A London restaurant has come up with a novel idea to drum up custom in the economic downturn: letting customers decide how much they want to pay for their meal.
The Little Bay restaurant in Farringdon is offering the all-you-can-eat deal for the rest of this month, to cater for credit crunch hit workers from the nearby City financial district.
“It’s entirely up to each customer whether they give £100 or a penny,” said owner Peter Ilic. “All I’m asking is they pay me what they think the food and service is worth.
“It just seemed the right thing to do with everyone under the cosh and feeling pretty miserable. We have seen so many more City folk coming into the restaurant lately, looking for a better value lunch,” he added.
The menu ranges from starters like oriental duck to whole bones poussin for main courses, or straight burgers for the more down-to-earth diners.
Normal prices vary from £2.25 (NT$109) for a starter to £8.80 (NT$426) for a main course, which are already competitive prices for central London.
Drinks are not included in the offer, although “tap water will be freely available,” said the eatery.
under the cosh 壓力很大
When somebody is under the cosh they are under a lot of pressure. In the article, workers from the financial district are under pressure.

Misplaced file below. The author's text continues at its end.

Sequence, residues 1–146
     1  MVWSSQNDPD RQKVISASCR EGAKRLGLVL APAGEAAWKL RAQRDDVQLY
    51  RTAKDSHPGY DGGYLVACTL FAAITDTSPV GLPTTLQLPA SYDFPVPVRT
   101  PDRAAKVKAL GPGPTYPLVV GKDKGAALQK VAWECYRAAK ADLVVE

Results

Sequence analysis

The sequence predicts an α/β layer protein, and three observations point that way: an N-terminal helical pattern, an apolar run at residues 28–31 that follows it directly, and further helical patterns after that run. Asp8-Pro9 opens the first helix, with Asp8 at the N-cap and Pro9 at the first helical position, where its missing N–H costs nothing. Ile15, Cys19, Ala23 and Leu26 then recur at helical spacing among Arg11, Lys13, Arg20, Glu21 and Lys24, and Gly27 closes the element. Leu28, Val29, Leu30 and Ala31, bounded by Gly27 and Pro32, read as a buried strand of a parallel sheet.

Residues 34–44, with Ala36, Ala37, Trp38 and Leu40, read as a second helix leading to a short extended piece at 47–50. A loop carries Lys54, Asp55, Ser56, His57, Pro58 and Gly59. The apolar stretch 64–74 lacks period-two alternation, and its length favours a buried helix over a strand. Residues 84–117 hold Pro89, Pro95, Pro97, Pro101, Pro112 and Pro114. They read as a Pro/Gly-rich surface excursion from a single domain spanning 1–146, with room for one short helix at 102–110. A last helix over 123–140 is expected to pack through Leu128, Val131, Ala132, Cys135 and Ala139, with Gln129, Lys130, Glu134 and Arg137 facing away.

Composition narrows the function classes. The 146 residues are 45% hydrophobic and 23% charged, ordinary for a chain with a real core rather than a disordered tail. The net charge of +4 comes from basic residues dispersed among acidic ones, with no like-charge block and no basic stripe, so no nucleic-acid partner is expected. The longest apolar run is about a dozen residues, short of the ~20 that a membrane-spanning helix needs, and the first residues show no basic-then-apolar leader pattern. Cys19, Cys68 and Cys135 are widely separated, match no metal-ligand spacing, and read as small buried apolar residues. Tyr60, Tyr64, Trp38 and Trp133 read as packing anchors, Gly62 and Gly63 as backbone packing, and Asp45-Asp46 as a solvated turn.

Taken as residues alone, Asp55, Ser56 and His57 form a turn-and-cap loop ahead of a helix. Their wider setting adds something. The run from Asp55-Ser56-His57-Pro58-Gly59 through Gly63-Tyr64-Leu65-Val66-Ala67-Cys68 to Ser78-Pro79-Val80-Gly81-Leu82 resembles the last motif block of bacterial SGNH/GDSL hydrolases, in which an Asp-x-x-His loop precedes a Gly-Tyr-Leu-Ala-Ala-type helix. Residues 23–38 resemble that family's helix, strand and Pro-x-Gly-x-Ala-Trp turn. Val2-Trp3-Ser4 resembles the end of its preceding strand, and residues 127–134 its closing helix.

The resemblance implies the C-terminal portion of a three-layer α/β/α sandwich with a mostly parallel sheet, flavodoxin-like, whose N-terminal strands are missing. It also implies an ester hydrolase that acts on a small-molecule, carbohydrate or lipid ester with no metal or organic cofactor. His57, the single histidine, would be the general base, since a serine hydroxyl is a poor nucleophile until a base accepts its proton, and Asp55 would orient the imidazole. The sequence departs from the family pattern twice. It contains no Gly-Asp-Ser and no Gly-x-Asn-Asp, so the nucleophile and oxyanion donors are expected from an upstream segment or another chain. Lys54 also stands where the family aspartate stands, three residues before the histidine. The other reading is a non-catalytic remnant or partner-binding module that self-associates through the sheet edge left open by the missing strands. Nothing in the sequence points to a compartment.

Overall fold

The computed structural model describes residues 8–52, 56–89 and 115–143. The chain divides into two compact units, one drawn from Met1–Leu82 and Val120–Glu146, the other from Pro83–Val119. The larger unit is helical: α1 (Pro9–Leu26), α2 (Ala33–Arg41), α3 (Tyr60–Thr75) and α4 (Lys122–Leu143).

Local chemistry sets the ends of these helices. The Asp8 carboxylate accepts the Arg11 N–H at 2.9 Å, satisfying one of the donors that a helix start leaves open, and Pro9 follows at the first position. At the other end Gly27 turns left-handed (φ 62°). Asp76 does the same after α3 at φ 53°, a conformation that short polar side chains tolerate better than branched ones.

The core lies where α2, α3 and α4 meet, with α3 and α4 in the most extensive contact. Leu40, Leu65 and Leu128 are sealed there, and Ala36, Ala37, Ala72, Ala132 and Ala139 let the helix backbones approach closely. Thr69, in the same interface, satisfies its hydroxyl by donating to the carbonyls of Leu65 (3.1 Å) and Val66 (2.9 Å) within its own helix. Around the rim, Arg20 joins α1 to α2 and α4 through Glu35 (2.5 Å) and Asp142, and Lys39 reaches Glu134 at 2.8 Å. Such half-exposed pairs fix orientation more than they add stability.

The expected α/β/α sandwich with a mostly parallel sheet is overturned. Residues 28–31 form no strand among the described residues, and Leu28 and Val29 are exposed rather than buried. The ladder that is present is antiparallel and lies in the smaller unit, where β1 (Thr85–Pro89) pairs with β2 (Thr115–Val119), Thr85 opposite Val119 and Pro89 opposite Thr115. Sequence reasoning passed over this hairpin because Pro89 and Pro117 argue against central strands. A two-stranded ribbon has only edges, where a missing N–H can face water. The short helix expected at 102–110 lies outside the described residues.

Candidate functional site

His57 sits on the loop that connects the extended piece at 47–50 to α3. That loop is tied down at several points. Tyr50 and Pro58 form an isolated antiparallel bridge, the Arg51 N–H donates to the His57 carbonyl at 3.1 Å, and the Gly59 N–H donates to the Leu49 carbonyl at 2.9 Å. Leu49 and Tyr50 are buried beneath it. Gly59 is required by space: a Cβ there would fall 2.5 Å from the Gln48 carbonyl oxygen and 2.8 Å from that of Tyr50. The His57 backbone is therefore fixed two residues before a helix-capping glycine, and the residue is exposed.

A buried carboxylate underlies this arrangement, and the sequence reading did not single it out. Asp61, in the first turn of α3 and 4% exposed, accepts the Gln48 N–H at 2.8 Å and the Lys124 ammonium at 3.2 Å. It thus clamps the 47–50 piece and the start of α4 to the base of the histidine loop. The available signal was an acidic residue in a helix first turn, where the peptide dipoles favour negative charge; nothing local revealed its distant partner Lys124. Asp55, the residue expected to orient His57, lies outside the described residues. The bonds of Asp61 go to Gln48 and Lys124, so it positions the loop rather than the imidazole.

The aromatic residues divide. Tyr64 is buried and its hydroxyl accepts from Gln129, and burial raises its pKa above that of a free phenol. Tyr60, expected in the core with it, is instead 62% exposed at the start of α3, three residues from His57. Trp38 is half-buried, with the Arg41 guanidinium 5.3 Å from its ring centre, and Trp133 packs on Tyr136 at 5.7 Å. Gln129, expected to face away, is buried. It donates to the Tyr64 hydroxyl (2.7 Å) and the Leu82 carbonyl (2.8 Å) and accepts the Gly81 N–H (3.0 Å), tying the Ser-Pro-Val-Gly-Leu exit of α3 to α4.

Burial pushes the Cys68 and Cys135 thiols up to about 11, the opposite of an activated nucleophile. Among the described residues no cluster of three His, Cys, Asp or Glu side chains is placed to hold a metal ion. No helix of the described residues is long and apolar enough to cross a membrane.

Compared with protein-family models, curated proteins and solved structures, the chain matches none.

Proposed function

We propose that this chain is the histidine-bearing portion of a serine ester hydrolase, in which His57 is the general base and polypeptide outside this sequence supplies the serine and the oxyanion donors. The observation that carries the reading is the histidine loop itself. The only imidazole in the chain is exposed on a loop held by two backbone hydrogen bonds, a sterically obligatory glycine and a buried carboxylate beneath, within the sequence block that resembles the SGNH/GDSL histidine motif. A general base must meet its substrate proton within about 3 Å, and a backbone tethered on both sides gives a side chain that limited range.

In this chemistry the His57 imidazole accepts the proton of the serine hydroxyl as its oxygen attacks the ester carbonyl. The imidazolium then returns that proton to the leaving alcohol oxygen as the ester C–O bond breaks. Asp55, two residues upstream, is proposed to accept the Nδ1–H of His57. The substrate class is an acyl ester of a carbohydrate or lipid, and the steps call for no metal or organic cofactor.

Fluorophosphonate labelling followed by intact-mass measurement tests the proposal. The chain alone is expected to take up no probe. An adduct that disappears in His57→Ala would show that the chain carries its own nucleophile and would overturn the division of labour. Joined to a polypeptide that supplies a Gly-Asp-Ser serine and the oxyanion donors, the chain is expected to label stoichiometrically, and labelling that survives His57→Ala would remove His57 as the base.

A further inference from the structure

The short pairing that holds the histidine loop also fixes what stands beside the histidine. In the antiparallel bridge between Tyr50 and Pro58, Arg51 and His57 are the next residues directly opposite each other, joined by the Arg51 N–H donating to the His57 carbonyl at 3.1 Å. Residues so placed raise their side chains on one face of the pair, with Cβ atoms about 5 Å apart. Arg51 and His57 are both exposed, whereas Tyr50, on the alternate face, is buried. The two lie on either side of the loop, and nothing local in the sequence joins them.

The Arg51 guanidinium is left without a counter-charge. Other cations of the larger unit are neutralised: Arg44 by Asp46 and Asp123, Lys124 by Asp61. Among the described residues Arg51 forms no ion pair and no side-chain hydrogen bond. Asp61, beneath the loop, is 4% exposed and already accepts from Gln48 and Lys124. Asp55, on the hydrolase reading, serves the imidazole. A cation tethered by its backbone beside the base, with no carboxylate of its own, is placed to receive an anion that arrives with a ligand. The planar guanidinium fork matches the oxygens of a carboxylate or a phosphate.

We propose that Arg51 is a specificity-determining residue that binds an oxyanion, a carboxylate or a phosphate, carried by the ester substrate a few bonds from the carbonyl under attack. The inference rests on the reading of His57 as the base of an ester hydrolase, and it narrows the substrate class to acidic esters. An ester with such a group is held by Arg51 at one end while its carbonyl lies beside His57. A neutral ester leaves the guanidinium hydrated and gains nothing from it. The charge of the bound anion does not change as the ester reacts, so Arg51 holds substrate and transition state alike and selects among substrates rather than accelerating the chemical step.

Examples: “The defense was under the cosh for most of the game, but they managed to hold out until the final whistle,” or “Many businesses are under the cosh at the moment and some will probably be forced out of business.”
當某人「under the cosh」，表示他們壓力很大。文章中說，金融區的上班族都承受著壓力。
1. novel adj.
新穎的 (xin1 ying3 de5)
例: Ray had a novel idea about how to improve sales.
2. cater v.i./v.t.
滿足需要 (man3 zu2 xu1 yao4)
例: The hotel catered for our every need, and we had a great time.
3. competitive adj.
有競爭力的 (you3 jing4 zheng1 li4 de5)
例: You might think this car is expensive, but the price is actually competitive.
4. freely adv.
無拘束地 (wu2 ju1 shu4 de5)
例: Workers are allowed to move freely throughout the building.
Ronald: How’s business at your new restaurant?
Ivor: Not that good. I seem to spend all day twiddling my thumbs waiting for customers to come in.
Ronald: That doesn’t sound too good. What do you think the problem is?
Ivor: I’m not sure. I’ve got a great chef and all the waiters are well trained.
Ronald: I wonder of there’s something wrong with concept. Perhaps the public just aren’t ready for rice and vegetable pizzas yet.
Ivor: Do you think so? I think they taste great!
twiddle your thumbs 很無聊
If somebody is twiddling their thumbs, they are bored and have nothing to do. For example: “Since he retired, Joe spends all day at home twiddling his thumbs.”
若某人「twiddle their thumbs」，就表示他們覺得很無聊，無事可做。例如：「喬自從退休後，每天都在家裏閒得發慌」。
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